Singeya Nayaka-III. "Mummadi Singeya Nayaka of Kummata was carrying on a continuous Guerilla fight against the Sevunas, thus distracting the latter from the operation of the Hoysala territory. He had a good alliance with the Hoysalas and when Sevuna Ramachandra's subordinates Mahamandalesvara Kannaradeva, Mahapradhana Vanadevarasa, Vira Chavundarasa and Hanuman marched to Doravdi and Kurugod, he gave strong resistence to them."[8]


Kampilideva Nayaka[9] or Kampili Raya ... CE ? - ... CE ?

"This photograph of an old Kannada inscription (1309 AD) was taken by me on the Hemakuta hill temple complex at Hampi, a UNESCO world heritage site in the Bellary district of Karnataka state, India. The inscription is ascribed to King Kampili Raya of the tiny Kingdom of Kampili (modern Bellary district)"
"For approximately fifteen years, the forces of Kampili-Raya successfully resisted Sultanate attacks. In 1327, after two failed attempts, the Sultanate army killed Kampili-Raya, and his kingdom collapsed." [10]
"the history of the Kampili as an independent kingdom, must have commenced in AD 1312. We learn from Muhammadan historians that the kingdom was destroyed in AD 1327-28. It flourished only for 15 years, i.e., from AD 1312 to 1327, during which it was governed by two kings Mummadi Singa and Kampili Raya."[11]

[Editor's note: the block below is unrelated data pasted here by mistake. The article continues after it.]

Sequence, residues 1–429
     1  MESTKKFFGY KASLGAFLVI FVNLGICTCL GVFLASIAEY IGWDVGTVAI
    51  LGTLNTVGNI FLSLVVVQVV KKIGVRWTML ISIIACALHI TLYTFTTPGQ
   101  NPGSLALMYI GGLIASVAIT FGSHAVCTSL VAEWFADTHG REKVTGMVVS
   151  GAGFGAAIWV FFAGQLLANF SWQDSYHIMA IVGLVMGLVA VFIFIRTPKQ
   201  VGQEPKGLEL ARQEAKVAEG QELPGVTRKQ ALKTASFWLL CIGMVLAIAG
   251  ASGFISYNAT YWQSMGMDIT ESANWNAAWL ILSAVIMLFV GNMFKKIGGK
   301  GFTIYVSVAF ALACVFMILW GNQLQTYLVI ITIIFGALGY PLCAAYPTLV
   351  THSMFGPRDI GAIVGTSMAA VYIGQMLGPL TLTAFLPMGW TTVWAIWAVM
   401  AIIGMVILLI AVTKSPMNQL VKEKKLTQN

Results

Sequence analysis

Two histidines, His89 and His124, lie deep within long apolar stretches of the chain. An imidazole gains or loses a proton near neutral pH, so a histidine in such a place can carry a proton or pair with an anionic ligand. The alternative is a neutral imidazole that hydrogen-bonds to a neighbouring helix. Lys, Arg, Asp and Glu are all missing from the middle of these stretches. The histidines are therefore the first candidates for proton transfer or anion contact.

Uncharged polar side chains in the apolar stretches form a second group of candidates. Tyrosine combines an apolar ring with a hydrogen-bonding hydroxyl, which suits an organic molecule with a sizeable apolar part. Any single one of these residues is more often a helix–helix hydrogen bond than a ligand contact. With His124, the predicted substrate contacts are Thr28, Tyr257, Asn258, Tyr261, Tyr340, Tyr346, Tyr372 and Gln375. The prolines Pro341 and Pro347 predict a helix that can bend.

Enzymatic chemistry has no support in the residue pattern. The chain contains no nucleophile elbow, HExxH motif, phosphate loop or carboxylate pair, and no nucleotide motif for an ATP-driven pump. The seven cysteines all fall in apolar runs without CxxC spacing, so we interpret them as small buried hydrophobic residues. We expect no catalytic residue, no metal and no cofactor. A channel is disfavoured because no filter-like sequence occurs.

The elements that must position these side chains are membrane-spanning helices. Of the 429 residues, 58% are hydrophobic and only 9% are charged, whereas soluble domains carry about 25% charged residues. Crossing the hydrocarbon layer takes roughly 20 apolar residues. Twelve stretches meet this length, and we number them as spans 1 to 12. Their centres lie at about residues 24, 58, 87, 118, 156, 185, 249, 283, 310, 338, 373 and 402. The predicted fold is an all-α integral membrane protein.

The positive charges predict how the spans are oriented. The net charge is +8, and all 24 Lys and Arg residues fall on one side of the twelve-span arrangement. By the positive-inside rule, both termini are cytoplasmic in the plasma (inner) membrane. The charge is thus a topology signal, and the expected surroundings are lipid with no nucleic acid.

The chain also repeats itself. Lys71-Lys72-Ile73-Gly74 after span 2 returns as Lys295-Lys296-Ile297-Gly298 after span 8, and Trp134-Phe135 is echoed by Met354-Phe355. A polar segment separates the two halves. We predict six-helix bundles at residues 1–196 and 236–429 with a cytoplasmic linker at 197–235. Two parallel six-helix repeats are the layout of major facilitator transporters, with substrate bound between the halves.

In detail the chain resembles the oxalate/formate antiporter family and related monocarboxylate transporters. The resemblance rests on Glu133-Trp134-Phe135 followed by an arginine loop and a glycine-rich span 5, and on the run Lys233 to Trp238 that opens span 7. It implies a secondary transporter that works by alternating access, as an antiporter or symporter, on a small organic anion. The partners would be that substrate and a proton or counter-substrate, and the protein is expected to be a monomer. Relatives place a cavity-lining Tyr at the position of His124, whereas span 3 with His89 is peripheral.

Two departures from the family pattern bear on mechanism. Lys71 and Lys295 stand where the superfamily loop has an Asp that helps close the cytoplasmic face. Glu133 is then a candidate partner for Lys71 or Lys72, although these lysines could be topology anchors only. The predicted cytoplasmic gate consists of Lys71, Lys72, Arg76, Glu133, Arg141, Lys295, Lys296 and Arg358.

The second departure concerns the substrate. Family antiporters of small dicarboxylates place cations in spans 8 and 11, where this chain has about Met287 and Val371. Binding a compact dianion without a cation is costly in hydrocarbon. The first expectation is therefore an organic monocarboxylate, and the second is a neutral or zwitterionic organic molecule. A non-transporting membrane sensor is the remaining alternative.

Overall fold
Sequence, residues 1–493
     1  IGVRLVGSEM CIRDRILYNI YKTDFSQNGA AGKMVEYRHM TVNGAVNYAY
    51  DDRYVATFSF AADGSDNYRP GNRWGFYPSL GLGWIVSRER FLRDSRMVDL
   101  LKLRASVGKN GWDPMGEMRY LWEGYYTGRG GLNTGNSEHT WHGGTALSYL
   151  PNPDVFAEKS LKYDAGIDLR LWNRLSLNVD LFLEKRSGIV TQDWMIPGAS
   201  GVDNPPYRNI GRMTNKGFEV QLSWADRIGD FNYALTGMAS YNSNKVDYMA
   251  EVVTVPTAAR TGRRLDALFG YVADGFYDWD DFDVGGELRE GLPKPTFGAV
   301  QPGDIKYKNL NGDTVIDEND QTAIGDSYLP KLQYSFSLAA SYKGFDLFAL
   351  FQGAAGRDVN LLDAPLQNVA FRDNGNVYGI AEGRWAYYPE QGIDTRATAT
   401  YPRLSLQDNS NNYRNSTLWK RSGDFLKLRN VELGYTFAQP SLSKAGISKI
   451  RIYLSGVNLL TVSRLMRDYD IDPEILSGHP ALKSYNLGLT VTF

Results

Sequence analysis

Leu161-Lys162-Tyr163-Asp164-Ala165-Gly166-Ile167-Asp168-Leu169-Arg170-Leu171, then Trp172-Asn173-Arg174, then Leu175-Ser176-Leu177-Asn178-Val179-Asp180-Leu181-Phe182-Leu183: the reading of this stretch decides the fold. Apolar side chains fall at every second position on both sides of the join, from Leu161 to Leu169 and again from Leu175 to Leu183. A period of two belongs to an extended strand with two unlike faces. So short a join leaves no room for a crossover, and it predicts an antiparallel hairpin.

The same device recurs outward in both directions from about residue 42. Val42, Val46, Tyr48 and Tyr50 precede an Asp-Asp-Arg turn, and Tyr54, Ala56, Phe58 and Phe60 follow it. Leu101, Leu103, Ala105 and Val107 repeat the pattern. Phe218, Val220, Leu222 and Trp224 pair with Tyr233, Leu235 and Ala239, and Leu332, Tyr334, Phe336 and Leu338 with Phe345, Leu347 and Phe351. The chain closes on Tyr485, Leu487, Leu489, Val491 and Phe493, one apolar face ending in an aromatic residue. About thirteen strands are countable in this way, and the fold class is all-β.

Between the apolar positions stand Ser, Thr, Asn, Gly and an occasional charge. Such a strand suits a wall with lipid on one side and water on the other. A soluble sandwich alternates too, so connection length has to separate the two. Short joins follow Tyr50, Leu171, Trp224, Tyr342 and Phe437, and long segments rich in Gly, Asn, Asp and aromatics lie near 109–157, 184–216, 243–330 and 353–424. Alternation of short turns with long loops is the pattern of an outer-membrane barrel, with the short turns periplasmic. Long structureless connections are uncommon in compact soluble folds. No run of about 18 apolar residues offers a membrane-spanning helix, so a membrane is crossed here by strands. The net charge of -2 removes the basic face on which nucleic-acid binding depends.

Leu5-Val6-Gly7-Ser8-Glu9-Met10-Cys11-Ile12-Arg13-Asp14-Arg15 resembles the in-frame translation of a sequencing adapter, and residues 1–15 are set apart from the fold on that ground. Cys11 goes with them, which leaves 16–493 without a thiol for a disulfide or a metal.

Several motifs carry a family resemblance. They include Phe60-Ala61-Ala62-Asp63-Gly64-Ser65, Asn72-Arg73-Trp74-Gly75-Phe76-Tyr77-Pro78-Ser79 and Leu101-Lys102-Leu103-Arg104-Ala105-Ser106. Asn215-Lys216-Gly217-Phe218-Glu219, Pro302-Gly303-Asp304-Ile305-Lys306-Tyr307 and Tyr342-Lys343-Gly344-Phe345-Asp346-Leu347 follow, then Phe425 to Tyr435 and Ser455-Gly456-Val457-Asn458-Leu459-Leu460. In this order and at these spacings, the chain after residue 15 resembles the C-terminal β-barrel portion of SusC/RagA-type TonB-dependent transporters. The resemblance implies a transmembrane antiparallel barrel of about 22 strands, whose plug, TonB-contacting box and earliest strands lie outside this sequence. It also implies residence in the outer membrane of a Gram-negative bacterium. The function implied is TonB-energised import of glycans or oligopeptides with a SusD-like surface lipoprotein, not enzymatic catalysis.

Record of gold coins says: "Kingdom, c. 1280-1327" "Kampiladeva, 1300-1327"[12]


Kumara Rama ... CE ? - ... CE ?

"Singhana II (1199-1247 C.E.), the greatest of the Sevunas, extended the Sevuna kingdom upto the Tungabhadra. But the Sevunas were defeated by the army of Delhi Sultan in 1296 C.E, again in 1307 C.E and finally in 1318 C.E, and thus the kingdom was wiped out. Their feudatory, Kumara Rama and his father Kampilaraya of Kampili also died fighting against the Muslims in C. 1327 C.E."[13] -- questionable source?


♠ Degree of centralization ♣ unitary state; nominal allegiance ♥

Inferred from the following: "With the exception of Kampili, which never controlled large territories, each of these states incorporated local elites into their administrative structures in various ways, adding additional levels of complexity to this shifting political mosaic." [14]

"The Hoysala state remained a significant southern power until the sultanate invasions in AD 1310."[15]

♠ Supra-polity relations ♣ alliance ♥